# Signal in a phase on a DC motor

Discussion in 'Electronic Design' started by [email protected], Jun 4, 2007.

1. ### Guest

Hello! How are you?

The other day I read this:

"There are three terminals inside most small DC motors, and it acts a
lot like three-phase alternating current [...]. A nice side effect of
this is that the position of the motor can be detected by taking one
of the phases straight into the microprocessor [RA4 in a PIC16C84]."

I would like to know how is it possible. How is the signal on the
phases? Is it a square wave?

Thank you!

It sounds like they are referring to a brushless DC motor. Try a
search on BLDC or brushless DC for an introduction. "most small DC
motors" seems an exageration to me but it may be correct or it may
depend on how you define small.

Myself I'd quibble about them actually being DC but the terminology has
stuck.

Robert

3. ### redbellyGuest

First, those 3 terminals are (usually? always?) rotating with the
rotor, so I'm not sure how you could pick a signal off of them.

I guess you could describe things this way, but it would not be a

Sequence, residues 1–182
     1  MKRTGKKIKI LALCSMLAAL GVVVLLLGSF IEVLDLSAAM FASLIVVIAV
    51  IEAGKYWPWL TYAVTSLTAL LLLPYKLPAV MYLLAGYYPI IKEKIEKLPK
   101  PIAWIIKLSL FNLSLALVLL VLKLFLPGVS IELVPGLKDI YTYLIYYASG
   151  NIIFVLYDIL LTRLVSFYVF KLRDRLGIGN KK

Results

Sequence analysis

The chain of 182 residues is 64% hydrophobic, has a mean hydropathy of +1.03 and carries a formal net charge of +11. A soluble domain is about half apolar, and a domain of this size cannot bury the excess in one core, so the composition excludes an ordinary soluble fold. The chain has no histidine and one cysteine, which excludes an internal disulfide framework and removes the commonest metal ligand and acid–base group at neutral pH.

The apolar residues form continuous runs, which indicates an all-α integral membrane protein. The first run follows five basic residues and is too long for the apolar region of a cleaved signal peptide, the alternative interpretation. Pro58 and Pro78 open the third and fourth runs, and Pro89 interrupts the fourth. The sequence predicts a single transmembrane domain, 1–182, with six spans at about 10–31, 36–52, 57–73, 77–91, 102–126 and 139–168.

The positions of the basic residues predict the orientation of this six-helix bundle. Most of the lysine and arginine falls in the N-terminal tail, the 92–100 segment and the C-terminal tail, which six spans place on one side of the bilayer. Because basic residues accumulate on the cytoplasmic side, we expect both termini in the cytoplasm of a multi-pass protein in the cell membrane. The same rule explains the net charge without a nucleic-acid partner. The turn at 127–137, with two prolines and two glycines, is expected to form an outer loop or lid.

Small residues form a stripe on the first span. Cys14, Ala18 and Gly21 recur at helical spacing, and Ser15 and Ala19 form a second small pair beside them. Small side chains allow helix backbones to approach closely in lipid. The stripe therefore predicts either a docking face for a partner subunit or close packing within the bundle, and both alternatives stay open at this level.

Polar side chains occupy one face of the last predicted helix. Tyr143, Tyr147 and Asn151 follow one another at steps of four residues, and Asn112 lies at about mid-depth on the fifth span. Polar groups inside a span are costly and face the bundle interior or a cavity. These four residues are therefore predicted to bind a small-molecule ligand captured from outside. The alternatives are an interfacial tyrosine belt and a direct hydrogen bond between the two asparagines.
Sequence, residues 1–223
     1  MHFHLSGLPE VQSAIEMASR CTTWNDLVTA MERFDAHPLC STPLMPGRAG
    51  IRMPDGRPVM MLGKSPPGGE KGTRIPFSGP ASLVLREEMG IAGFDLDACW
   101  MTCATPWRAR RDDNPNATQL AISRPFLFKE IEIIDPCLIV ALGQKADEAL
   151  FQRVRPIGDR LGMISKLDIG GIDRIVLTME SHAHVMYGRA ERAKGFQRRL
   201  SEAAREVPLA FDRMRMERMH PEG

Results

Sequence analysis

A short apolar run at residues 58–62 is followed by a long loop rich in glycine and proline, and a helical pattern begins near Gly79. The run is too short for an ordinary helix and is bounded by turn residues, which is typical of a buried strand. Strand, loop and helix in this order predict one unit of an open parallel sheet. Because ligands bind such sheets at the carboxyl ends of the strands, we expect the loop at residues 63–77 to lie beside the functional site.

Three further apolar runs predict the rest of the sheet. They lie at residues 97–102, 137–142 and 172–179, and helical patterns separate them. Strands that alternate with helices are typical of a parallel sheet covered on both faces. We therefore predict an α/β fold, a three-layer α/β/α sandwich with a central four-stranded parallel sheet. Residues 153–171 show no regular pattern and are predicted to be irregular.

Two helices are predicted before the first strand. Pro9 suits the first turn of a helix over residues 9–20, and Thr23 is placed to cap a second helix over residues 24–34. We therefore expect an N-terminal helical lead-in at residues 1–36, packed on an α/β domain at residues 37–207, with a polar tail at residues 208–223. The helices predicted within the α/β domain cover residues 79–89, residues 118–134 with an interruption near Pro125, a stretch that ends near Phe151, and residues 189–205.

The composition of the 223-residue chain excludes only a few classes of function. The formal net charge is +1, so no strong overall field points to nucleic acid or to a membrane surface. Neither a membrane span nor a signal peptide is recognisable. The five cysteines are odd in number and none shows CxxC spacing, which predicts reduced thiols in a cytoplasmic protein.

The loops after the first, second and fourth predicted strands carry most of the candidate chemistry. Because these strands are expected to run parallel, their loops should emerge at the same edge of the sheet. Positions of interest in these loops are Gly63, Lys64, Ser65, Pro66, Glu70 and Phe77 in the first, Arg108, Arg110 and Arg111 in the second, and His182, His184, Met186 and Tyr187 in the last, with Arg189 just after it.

simple square wave, and would be at whatever frequency the rotor is
turning at.

For a "delta" configuration of 3 rotor coils, (AND if I am thinking

At +V for 1/6 cycle
At +V/2 for 1/6 cycle
At -V/2 for 1/6 cycle
At -V for 1/6 cycle
At -V/2 for 1/6 cycle
At +V/2 for 1/6 cycle

And then repeat the cycle.

Mark

p.s Note to Robert A: since the OP refers to "most" small DC motors, I
think they mean the standard, brushed type.

4. ### MooseFETGuest

The V/2 values won't be seen in real life. When the brush breaks
contact with the section, there will be a largish spike. After the
spike dies down, there will be some mixture of the V/2 value with a
sine wave. The three windings aren't perfectly coupled to each other
so the nonconnected winding will have some ability to do its own
thing.

It won't be easy to get anything like an accurate angle out of the
voltages. If you brought all 3 connections out to some sliprings, you
could get a position good to about a third of a turn just by looking
to see which pin is at the +V or -V voltage. You only really need two
connections because if two of them aren't the third must be.

5. ### MarraGuest

amounts of noise.

6. ### MarraGuest

I did a project once to try and get tacho pulses from the commutator
and it worked fine at a set frequency but needed lots of filtering.

I suppose you could add another brush as a pickup. That does assume
that a brushed motor has three phases wound on the rotor which seems a
questionable assertion although more likely true on a small motor.

Well it depends on the population they are thinking of. If your
population is dominated by PC cooling fans and disk drive motors you'll
certainly think most small DC motors are brushless.

I really don't know what dominates, BLDC, stepper, PM... I wouldn't be
surprised if the most dominant was universal.

Robert

8. ### joseph2kGuest

I do not think that OP is talking about brush motors, i think 'e is talking